The eruption of Mount St. Helens in 1980 battered the landscape and sent several hundred million tons of ash to the east. Trees for miles around the mountain were flattened like “one-hundred-foot matchsticks,” says WSU Vancouver biology professor John Bishop.
But Bishop and his colleagues have found the devastation around St. Helens to be a tremendous laboratory to study the resurgence of flora and fauna after a disaster. Led by a familiar purple flower, the lupine, and an array of other plants and animals, the formerly sterile land now houses significant biological diversity. It’s a portrait of resilience.
Now we face a new and compelling need for adaptability and perseverance: the COVID-19 pandemic. We’re all adjusting to the challenge of things we probably had never heard of, such as social distancing and flattening the curve. Of course, we know Cougs are generous and resourceful, and we are already hearing stories of that spirit in action.
Even before the pandemic and economic downturn, many people across Washington state, from Seattle to Pullman, faced a different crisis as they became overburdened by the high cost of owning or renting a home. The problem has a number of causes, including a lack of housing supply. Fortunately, we have WSU faculty, students, and Extension leaders coming up with possible solutions to ease the strain for people seeking a home.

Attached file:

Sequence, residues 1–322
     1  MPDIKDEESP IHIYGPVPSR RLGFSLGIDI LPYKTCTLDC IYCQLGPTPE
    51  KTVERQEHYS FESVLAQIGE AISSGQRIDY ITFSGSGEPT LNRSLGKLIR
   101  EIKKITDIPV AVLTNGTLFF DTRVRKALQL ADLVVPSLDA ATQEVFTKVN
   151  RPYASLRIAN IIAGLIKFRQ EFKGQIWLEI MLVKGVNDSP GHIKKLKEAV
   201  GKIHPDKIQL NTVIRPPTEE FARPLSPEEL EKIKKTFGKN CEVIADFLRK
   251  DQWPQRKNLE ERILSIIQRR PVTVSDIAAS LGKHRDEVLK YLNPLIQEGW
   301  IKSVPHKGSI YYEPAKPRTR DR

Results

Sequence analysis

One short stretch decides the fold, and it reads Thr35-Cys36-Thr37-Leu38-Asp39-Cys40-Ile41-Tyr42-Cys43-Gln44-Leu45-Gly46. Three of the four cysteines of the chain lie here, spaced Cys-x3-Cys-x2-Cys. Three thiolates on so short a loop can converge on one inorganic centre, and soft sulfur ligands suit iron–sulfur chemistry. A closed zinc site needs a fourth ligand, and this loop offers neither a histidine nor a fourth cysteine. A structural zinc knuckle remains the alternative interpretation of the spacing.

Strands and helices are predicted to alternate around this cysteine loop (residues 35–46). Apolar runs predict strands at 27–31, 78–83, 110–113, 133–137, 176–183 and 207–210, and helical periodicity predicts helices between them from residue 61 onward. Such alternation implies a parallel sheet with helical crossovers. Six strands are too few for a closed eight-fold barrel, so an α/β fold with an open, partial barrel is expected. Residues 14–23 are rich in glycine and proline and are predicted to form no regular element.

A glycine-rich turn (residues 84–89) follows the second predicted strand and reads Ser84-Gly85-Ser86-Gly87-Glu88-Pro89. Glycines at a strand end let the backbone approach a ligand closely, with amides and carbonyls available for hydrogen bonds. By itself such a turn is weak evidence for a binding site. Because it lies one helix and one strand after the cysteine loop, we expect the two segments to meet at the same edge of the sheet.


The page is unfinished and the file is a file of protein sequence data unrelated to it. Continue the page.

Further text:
Life changes for all of us, sometimes quickly and sometimes over longer periods of time. Krist Novoselić (’16 Soc. Sci.) was bass guitarist of the iconic Northwest band Nirvana, but then moved to remote and rural Southeast Washington, got involved with the Grange, received his WSU degree, and grew to love conservation and the natural world. He connected with nearby author Robert Michael Pyle, one of America’s leading nature writers, and the two of them recently released a spoken-word album with poetry by Pyle and acoustic music by Novoselić.
The album celebrates the joy of the natural world and its direct experience, as does the essay by WSU environmental sciences professor Stephanie E. Hampton. Natural history, though, can do more than build appreciation; it can give us practical ways to adapt. As Hampton writes, “A resilient future requires us to be able to make informed predictions about how and why things change.”